The act of borrowing money for any business enterprise or investment comes with an element of risk. However, the perception of risk is vastly different when someone borrows money to invest in stocks. There is cultural belief that it is akin to gambling, but the reality is far from it.
I will explain this with a few examples. Take, for instance, if a businessman borrows money from a bank to expand his production capacity, then society considers that a healthy activity even though the capacity expansion may not materialize as planned. More often than not, the fate of entrepreneurs & businesses is dependent on the changing dynamics of demand and supply. Hence, the accumulation of debt can either pay off handsomely or destroy a business.
Similarly, borrowing money to invest is very common in real estate. There is an oversupply of organized financial institutions such as banks, NBFCs and also unorganized money lenders that are more than willing to lend money for the purpose of real-estate investment, in both the residential and commercial space. Since such investments are long-term oriented and the loans are usually backed by a capacity to repay the interest and principal, it is a win-win situation for both the lender and the borrower.
However, stock market investors are not given loans easily by banks, NBFCs or unorganized lenders because it is considered very risky and most of them stay away from it. Hence, it is the stockbrokers that provide loans to such investors. In India, there are a few ways of doing it, namely Margin Funding and Loan Against Shares (LAS). They also help the investor invest in shares through them. An important thing to note is that while you borrow to invest, in the event of non-payment or adverse price movement, the stockbroker can sell the collateral shares to recover the principal and interest. Usually, in margin funding, you can buy 2x of your capital, which means that the investor will contribute 50% and the other 50% will be funded by the stockbroker. The time duration of the loan is flexible and depends on the investor. On the other hand, Loan Against Shares (LAS) is given based on your holdings in the demat account after deducting the haircut which is generally in the range of 20-40%.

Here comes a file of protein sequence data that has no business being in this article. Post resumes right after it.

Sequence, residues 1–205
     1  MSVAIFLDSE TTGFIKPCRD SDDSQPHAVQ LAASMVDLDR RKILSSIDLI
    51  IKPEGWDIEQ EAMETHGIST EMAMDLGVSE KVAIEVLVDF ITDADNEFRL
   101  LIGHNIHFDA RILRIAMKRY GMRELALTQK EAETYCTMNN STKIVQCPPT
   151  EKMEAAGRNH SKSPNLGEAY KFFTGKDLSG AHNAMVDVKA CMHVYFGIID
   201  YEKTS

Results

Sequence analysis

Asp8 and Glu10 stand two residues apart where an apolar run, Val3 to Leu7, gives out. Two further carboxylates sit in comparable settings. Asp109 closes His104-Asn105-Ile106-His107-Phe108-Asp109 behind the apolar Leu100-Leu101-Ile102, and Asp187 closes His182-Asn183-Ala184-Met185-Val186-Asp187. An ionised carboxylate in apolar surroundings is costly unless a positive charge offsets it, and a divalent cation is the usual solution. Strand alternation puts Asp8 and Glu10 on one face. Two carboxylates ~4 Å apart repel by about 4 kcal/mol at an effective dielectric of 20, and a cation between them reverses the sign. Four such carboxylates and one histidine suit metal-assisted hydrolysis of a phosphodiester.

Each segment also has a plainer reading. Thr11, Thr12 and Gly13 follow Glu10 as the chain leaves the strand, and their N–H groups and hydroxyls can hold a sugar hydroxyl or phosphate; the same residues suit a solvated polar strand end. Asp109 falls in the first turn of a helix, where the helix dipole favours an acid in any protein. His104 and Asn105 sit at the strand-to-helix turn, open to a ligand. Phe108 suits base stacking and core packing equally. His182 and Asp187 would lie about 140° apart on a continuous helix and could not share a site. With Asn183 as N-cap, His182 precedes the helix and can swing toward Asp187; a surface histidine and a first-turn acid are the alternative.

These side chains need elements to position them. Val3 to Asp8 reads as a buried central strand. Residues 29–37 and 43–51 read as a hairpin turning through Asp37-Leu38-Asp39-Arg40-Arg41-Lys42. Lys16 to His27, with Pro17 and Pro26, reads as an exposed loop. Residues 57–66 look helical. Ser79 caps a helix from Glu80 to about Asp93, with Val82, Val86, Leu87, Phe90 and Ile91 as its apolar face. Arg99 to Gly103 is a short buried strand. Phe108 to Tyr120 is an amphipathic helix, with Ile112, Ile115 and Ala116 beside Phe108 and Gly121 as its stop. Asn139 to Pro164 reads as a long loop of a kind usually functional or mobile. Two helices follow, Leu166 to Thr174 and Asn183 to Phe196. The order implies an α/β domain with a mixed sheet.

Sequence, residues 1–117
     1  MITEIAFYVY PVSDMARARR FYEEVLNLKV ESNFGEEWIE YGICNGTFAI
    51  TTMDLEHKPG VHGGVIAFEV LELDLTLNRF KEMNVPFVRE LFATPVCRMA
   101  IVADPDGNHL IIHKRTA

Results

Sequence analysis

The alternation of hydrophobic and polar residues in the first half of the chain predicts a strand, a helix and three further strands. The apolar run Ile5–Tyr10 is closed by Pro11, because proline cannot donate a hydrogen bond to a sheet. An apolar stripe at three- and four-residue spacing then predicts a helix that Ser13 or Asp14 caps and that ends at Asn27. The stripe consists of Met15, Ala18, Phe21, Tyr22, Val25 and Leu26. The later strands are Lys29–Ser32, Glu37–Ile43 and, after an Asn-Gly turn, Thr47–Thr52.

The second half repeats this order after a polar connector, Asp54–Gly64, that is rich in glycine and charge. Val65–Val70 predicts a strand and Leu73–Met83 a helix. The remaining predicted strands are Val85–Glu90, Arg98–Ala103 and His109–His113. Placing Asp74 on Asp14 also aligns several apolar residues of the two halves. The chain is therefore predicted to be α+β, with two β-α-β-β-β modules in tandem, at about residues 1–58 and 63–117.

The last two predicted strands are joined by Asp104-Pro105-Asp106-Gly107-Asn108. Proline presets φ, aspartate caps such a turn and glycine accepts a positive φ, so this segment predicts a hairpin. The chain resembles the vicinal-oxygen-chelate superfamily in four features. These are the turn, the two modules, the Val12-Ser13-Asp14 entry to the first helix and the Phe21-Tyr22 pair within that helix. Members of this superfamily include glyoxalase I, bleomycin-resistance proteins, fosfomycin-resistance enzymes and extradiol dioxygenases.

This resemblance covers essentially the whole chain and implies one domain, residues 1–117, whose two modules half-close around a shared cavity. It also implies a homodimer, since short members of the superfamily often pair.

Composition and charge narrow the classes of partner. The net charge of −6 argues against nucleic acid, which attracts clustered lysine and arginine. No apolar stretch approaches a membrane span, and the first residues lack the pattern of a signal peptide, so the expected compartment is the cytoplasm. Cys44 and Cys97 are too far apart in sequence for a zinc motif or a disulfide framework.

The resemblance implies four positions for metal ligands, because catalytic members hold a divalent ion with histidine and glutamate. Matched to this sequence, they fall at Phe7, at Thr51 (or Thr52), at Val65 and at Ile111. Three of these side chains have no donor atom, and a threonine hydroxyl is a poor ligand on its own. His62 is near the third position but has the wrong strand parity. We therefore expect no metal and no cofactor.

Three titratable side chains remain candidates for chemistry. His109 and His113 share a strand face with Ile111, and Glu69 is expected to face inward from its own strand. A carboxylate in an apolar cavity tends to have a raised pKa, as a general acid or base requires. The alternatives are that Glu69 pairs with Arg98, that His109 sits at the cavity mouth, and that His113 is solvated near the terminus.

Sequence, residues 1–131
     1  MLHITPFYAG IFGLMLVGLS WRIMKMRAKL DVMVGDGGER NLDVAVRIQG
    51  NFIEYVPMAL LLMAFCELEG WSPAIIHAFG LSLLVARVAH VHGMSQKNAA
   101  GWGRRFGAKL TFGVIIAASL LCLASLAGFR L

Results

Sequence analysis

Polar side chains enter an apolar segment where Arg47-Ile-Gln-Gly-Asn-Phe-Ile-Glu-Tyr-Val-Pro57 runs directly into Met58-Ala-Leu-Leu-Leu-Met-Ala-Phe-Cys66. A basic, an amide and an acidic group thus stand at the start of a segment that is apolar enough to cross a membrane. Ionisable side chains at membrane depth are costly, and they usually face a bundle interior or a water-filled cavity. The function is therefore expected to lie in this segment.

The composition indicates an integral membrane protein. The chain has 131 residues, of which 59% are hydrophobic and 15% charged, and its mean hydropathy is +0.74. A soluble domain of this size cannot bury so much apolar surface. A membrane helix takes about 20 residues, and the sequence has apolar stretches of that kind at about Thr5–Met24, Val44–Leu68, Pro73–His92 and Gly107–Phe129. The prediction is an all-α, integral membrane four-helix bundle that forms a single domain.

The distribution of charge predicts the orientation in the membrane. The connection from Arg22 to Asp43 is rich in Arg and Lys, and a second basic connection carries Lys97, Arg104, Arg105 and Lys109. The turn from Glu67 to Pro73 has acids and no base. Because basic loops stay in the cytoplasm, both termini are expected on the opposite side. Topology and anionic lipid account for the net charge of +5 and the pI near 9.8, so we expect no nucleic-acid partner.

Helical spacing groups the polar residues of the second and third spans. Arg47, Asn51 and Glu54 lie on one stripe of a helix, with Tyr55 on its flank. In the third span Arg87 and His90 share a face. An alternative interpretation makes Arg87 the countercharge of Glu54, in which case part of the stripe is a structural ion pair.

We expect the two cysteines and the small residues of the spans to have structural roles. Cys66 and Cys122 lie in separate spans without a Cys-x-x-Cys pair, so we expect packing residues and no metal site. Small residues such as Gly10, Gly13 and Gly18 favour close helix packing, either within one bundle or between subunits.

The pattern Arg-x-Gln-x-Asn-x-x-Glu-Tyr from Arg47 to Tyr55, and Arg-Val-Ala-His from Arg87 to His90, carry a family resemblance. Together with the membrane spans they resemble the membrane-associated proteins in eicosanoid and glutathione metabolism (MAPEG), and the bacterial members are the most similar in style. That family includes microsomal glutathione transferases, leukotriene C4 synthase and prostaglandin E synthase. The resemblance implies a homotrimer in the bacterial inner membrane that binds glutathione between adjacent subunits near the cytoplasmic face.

Pros of investing with borrowed money: You can earn a higher return by investing in a stock by using borrowed money. For instance, if you borrowed money and invested 2x in a stock that appreciated 20%, your net return will be 40% minus interest expense & transaction costs. This is almost double of what you would earn if you invested with your own capital. It is definitely worth taking such risks if you have a high conviction of a stock performing well. Also, it is advisable to take a position in more than one stock just to be diversified and spread your risk.
Cons of investing with borrowed money: Stock markets are generally more volatile than other asset classes. Hence, if you invest using borrowed money, the price can go against you. In the event that things don’t turn out the way you expected, your losses will also be double of what it would be without borrowed capital. For instance, if you borrowed and invested 2x in a stock and instead of going up, the stock price fell by 20%, then your loss would be 40% plus interest and transaction costs. Leverage is a double-edged sword and it must be handled carefully.
What to do?
Borrowing and investing in stocks is ideal for those who have a good knack in trading and short-term investing. This is because they are aware of the nuances of daily price fluctuations and can enter and exit stocks without becoming complacent. Also, traders are generally adept at handling higher risk instruments such as futures and options where the leverage is between 6 and 66 times. For such individuals, margin funding or loan against shares are relatively much safer with a better probability of success per trade due to lesser leverage. Also, it is easier to carry trades overnight with a 2x leverage. For instance, if the stock price falls 3%, the net effect on your position is 6% which is still manageable. However, if you are holding a long futures position and the stock falls by 3%, your minimum drawdown will be approximately 18%, which is very hard to digest for any investor. Hence, borrowing money to invest in stocks helps you deal with volatility in a much better and safer way. The other advantage is that you are investing in stocks with borrowed money. When you trade in derivatives, the price always has a premium amount which decays with time.
The best times to use this facility would be when the markets have bottomed out, are in an upward momentum or when there is consistent earnings growth. But one should never borrow to invest when the markets are in the declining phase. Bottom fishing is hazardous to your financial health; especially with leverage.
(By Tejas Khoday, CEO and Co-Founder, FYERS, an online stockbroking firm)